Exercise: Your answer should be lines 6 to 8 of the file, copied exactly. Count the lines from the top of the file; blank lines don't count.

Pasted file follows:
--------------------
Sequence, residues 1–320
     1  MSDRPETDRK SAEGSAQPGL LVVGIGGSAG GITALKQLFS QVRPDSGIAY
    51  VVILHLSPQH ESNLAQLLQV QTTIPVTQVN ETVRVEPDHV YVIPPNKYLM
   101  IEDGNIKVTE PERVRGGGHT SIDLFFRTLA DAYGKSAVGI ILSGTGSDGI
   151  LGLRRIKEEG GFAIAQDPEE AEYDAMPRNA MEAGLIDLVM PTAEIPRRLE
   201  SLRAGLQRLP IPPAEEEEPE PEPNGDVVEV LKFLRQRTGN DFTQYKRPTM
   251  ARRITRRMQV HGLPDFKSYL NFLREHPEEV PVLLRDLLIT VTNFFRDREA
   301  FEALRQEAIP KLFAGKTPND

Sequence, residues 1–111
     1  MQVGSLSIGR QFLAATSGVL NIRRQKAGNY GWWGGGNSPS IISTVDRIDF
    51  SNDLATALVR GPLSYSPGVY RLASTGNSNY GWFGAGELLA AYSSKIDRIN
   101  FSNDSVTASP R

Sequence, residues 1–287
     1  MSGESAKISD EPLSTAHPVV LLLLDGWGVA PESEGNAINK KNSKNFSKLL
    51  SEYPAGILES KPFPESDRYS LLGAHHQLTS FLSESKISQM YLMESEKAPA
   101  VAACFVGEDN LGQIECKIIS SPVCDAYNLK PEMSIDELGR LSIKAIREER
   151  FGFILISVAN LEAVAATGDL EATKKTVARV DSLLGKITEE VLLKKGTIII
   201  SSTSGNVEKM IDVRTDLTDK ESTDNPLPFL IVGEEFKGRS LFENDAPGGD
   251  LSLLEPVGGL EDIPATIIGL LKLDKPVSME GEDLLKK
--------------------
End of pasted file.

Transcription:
   201  SLRAGLQRLP IPPAEEEEPE PEPNGDVVEV LKFLRQRTGN DFTQYKRPTM
   251  ARRITRRMQV HGLPDFKSYL NFLREHPEEV PVLLRDLLIT VTNFFRDREA
   301  FEALRQEAIP KLFAGKTPND